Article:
Importantly, the Dubai Court of Cassation’s comments on admissibility were obiter as it found in favour of de facto compliance on the facts of the case in any event. As such, the court’s ruling on this point does not form part of the UAE Courts’ body of established jurisprudence (jurisprudence constante) and will unlikely persuade lower courts (and future courts of cassation for that matter) to follow suit. In any event and for the avoidance of doubt, there is nothing fundamentally wrong with the courts’ existing approach (as long as it is consistently applied, which it has) as it does not undermine the parties’ choice of arbitration as a binding dispute resolution forum in principle.

Consequences of Parties’ Failure to Pay Advance on Costs

The second issue that features in the recent Dubai Court of Cassation’s ruling was the Court’s clarification – in derogation from previous rulings of the Dubai Court of Cassation (for example in Dubai Court of Cassation Case No. 210 of 2016 dated 21 December 2016 and Dubai Court of Cassation Case No. 403 of 2016 dated 11 January 2017) – that the parties’ failure to make payment of the Dubai International Arbitration Centre (“DIAC”) advance on costs does not qualify as a waiver of the obligation to arbitrate as it does not constitute a ground for nullification under Article 53 of the FAL. In this recent decision, the Court adopted the view that non-payment does not invalidate the arbitration agreement and as such cannot trigger the general jurisdiction of the UAE Courts. In the Dubai Court of Cassation’s own words:

The failure to pay the fees due to the arbitration centre – assuming it happened – does not lead at all to the lapse of the arbitration agreement. As the non-payment of fees has no effect whatsoever on the existence or validity of the arbitration agreement, so if the invalidity of the arbitration award does not necessarily lead to the forfeiture of the arbitration agreement in accordance with Article 54(4) of Federal Law No. 6 of 2018 regarding arbitration, then it a fortiori does not lead to a failure to pay arbitration fees to forfeit the arbitration agreement or the expiry of its purpose. This is until failure to pay the arbitration fees is not considered one of the cases specified by Article 53 of the Arbitration Law exclusively to request annulment of the arbitral award.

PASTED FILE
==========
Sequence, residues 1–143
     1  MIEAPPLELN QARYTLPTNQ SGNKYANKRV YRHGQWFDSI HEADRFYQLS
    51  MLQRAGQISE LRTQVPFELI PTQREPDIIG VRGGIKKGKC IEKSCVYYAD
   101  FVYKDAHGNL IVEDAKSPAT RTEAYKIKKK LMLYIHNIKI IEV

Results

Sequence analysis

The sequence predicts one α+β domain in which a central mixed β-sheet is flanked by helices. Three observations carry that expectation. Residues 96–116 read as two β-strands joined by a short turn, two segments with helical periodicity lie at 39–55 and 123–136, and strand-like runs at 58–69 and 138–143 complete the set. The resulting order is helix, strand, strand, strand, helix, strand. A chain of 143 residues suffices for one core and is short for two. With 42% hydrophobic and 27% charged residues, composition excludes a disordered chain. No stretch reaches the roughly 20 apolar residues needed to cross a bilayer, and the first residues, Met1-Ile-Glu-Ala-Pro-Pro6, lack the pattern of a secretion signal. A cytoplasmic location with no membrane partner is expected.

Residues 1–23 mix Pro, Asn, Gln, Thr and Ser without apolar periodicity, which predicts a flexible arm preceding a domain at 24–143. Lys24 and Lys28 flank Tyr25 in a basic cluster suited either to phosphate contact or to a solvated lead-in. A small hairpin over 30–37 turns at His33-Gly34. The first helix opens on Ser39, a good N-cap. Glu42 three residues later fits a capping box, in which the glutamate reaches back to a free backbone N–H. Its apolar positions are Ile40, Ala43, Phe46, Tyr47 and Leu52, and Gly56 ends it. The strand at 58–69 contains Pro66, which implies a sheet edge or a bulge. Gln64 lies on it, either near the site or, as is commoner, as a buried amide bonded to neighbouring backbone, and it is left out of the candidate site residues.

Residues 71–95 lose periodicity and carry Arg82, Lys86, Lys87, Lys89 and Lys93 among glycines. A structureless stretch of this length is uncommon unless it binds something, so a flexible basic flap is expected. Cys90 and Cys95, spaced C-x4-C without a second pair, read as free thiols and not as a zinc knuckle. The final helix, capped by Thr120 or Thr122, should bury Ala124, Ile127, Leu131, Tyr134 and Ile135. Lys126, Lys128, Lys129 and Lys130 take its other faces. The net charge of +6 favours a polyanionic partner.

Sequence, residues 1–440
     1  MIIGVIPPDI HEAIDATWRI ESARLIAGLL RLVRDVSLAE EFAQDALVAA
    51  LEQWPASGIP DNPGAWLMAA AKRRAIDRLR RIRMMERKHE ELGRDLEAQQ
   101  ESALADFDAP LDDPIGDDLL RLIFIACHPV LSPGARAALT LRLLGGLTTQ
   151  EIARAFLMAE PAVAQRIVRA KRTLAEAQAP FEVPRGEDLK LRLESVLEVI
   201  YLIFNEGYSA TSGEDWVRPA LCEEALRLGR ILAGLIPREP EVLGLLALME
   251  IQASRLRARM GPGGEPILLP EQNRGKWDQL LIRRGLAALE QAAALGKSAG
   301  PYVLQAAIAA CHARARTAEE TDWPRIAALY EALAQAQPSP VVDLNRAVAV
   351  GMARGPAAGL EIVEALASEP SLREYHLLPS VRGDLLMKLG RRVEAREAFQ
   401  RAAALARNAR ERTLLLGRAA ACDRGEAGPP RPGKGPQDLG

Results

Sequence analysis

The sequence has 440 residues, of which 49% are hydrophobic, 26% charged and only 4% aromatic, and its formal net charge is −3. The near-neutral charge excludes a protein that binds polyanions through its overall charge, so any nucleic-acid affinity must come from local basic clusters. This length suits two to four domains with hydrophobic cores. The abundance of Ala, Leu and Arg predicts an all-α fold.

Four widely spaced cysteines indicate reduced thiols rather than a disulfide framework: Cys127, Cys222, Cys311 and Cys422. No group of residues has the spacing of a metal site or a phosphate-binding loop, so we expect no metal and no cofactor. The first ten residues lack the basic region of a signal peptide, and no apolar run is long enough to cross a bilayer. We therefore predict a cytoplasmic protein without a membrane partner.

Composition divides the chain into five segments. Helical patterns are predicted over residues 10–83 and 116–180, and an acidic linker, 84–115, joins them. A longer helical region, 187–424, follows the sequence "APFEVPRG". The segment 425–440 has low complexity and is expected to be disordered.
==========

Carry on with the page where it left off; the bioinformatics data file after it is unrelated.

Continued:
That said, to the extent that both parties refuse to make payment of their share of the advance on costs (and one party does not substitute the non-paying other party), it is arguable that both parties have consciously and willingly foregone one key component of the arbitration agreement, that is to finance the arbitration process, thus revoking the obligation to arbitrate and allowing the parties to default to the general jurisdiction of the courts. In this sense, it remains uncertain whether future decisions by the UAE Courts of Cassation would follow suit. In any event, the claimant did make full payment of the advance on costs in this Dubai Court of Cassation ruling and accordingly, the Dubai Court of Cassation’s dictum on the subject is obiter.


Tribunal’s Power to Award Costs

The third and final issue was that the Dubai Court of Cassation helpfully confirmed the limited legal effect of procedural orders in a cost context; a tribunal is only able to record the parties’ agreement to confer the power on the tribunal to award costs (including legal costs) but it cannot make an order for (legal) costs in the absence of the parties’ agreement. This confirms that the tribunal’s power to award legal or party costs remains strictly subject to party agreement. For the avoidance of doubt, the instant case concerned the tribunal’s powers under the 2007 Dubai International Arbitration Centre (DIAC) Rules of Arbitration, which are understood to be limited in scope to the award of arbitration costs, i.e., DIAC costs and the tribunal’s fees and expenses, only. In contrast, Article 36.1 of the latest version of the 2022 DIAC Rules expressly confers upon the tribunal the power to award party costs, as commented on in a previous blog post here.


In the round, this decision by the Dubai Court of Cassation is an interesting ruling that seeks to internationalise the practice of arbitration in the UAE on a number of important points of arbitral procedure. Whether or not these will be followed by future courts will have to be seen. In the meantime, out of an abundance of caution, to be safe rather than sorry, arbitration practitioners and parties alike are advised to follow the approach of old, which – so far at least – has stood the test of time.